_______________WORK IN PROGRESS


"All utopias are depressing because they leave no room to chance, to difference, to those who are 'different'. Everything has been ordered; order reigns. Behind every utopia lies a great taxonomic design: a place for everything and every thing in its place."

(Georges Perec, Thoughts of Sorts)


I was born in 1976 in communist Bulgaria (1944-1989) and raised with the belief in the communist ideals – a classless society free of capitalist oppression and governed by the working class, where everyone works according to his ability and receives according to his needs; equality and brotherhood among nations; free education and healthcare; common means of production… In 1989, the communist utopian experiment came to its end in Bulgaria, followed until today by poverty, corruption, and unprecedented high levels of emigration towards the West.

It is now 20 years since I am living in the Netherlands, which is governed as a parliamentary democracy. I walked the path from illegal immigrant to a holder of the Dutch nationality and I am still struggling to find my place in society – the main subject of my artistic practice.

“Far Away From Home: The Voices, the Body and the Periphery” is a project inspired by a heated debate that took place some time ago. In public, a Dutch person with an academic background asked me: “Are you a communist?”

To understand what it means to be a communist, I have chosen to place the word in its historical context in the Netherlands and in Bulgaria.

Before, during, and after WWII the Dutch government had seen a conqueror and a great danger in the face of the communist ideology. The Dutch communists took an important role in the Resistance during the war (when the Netherlands was occupied by Nazi Germany) and many lost their lives in prisons and Nazi concentration camps. They did not receive real recognition for their deeds after the Liberation and were excluded from the ruling government.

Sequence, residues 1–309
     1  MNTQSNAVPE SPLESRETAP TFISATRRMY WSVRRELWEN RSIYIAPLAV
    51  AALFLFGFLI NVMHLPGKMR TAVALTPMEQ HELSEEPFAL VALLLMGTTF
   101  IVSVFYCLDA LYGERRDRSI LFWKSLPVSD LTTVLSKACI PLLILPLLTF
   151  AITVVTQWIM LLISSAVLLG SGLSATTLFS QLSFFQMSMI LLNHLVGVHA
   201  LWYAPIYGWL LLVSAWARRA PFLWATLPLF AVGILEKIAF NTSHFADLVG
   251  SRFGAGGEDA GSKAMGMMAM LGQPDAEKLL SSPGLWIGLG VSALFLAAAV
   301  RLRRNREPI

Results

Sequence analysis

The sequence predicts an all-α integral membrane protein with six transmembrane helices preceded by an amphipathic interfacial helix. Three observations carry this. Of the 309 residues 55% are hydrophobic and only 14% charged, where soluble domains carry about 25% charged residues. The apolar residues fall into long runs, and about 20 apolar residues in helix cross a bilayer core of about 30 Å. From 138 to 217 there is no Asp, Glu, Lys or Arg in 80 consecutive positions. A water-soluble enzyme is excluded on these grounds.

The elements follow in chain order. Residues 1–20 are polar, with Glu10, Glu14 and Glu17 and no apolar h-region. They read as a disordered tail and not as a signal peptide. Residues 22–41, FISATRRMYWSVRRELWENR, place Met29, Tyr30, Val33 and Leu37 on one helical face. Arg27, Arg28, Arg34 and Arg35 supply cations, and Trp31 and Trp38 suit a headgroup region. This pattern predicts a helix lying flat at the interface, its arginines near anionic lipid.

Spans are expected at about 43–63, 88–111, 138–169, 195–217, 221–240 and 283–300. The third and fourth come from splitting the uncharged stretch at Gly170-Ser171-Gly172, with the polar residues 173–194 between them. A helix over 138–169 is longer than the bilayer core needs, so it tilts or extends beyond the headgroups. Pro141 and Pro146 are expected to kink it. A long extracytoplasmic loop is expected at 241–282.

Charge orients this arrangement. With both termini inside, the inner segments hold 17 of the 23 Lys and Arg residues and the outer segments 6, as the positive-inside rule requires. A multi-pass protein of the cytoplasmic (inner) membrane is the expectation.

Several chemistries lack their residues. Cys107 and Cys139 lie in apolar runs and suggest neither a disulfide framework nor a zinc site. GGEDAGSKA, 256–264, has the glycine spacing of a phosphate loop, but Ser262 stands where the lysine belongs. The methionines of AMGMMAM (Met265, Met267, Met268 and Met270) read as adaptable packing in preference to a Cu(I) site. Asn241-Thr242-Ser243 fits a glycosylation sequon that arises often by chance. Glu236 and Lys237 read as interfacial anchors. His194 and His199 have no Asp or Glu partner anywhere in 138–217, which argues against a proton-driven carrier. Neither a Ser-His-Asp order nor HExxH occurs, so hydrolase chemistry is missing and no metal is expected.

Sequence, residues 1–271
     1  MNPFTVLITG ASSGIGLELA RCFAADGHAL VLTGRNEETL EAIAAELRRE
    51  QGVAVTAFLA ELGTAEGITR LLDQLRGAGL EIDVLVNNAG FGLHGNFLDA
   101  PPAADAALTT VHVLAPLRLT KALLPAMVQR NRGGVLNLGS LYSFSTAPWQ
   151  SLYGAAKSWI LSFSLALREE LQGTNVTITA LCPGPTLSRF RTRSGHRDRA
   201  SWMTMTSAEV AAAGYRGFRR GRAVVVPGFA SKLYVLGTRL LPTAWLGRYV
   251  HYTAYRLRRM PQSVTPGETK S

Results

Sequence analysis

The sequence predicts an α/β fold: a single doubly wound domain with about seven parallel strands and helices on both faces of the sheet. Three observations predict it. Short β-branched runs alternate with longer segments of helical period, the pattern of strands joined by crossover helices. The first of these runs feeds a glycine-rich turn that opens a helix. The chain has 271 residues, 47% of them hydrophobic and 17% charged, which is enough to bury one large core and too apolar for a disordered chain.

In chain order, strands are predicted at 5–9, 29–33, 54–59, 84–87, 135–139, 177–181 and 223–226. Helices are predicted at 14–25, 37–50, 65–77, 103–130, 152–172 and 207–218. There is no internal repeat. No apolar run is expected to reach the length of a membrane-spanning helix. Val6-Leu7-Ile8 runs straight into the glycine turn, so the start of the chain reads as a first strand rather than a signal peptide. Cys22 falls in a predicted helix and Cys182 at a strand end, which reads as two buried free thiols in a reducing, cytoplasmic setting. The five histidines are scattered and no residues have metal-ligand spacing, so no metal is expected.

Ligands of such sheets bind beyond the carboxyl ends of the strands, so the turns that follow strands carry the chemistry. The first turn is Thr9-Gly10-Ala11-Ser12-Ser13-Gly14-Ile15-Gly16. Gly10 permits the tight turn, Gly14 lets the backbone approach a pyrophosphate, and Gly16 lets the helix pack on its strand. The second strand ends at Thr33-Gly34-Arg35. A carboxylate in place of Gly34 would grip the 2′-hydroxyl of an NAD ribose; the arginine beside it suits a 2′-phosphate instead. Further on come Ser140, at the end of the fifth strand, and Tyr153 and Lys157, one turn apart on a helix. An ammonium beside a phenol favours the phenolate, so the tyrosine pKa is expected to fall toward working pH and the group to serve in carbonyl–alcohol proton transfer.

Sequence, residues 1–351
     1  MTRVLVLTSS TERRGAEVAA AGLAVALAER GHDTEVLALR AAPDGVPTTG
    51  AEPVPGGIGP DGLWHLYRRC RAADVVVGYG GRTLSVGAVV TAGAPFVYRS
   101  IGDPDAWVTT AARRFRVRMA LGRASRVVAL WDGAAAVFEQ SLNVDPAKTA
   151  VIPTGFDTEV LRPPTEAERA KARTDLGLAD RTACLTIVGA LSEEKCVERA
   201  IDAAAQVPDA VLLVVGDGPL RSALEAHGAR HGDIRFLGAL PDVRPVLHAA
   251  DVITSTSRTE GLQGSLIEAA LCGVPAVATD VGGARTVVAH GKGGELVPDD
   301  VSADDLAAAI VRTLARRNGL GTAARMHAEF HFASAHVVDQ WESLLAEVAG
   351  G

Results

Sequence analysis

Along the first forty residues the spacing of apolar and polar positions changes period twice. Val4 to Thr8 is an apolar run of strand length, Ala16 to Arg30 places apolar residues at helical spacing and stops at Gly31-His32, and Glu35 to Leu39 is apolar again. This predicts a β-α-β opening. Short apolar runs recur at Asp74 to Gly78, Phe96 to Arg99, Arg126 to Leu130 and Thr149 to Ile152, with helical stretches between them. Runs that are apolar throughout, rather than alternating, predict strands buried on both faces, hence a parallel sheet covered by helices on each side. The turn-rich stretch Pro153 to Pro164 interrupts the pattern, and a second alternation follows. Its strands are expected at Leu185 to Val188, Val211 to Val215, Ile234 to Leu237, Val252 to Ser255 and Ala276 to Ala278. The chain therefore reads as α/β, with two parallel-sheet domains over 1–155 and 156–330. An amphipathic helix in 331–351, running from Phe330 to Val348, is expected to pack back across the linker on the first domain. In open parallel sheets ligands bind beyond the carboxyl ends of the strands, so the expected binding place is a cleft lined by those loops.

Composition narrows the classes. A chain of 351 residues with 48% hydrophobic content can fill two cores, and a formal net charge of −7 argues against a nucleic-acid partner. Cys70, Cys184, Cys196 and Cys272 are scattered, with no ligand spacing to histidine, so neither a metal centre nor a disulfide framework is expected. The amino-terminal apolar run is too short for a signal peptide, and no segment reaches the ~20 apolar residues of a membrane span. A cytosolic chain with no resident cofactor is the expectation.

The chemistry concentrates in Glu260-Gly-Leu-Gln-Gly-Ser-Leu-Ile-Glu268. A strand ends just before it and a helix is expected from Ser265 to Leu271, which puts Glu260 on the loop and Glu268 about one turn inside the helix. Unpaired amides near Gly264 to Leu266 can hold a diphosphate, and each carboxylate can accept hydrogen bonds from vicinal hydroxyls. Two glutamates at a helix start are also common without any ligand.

In Bulgaria (and the rest of Eastern Europe), after the war with the help of the Red Army, the communists became the main ruling political power, which today is declared criminal and totalitarian. However, in present days, a big part of the political establishment has ties to the former State Security Service, applying the ‘old’ (originating from the communist past) methods of governance that results in a lack of public memory about the existence of forced labor concentration camps in Communist Bulgaria.

Taking into consideration the participation of the Dutch communists in the Resistance in the occupied Netherlands and their prosecution during WWII and the criminal deeds of the Bulgarian communists in order to realize the communist utopia in Bulgaria after the war, I asked myself ‘am I seen as a victim (resistance fighter) or a perpetrator by the local people? Am I what they think of me?’

I have started a subjective investigation of these historical events by ‘walking’ in the footsteps of the communists as a method of understanding the ‘other’. The information for my artistic study is drawn from the collective memory that is constructed in both countries: archives, literature, testimonies of victims and perpetrators, academic research, and my own experience and fieldwork.

I took photographs at former Nazi concentration camps in the Netherlands, Germany, France, and Poland, where many Dutch communists were murdered. I have also tried to find the locations of the communist concentration camps created in Bulgaria (today many of their locations are only approximately known), for whoever disagreed with the regime.

Engaging with history and realizing that what is remembered of the past is a construction that reflects on our idea of who we are, I wish to provoke a debate on our shared future in Europe: What does it mean to be seen as a ‘communist’ today or to define yourself as one? What is the common ground of ideologies like communism and National Socialism and what is their significance for the ‘average’ citizen of Europe? How do different societies organize their memory culture and are able to bring it into a critical perspective? How to build my own narrative that is critical, but ethical and a stimulating dialogue for mutual understanding? How does the interpretation of history and politics of remembering influence the forming of our identities and our view on the future?


photo above (c) 2019

Presenting first steps in my new research at the first event at Tique Art Space in Antwerp (Belgium)

Presenting 'Far away from home: the voices, the body and the periphery (work in progress)' at an event organised by Second Thoughts (a collective exploration on Eastern Europeanness), Rietveld Academy, Amsterdam, the Netherlands

'Far away from home: the voices, the body and the periphery' part of the 5th edition of the International Photo Festival Leiden (the Netherlands) from September 17 till October 31, 2021.

From September 18 till December 1, 2021 International Photo Festival Leiden will be part of Photoville Festival (New York, USA) and in May 2022 - at Head On Photo Festival in Sydney (Australia).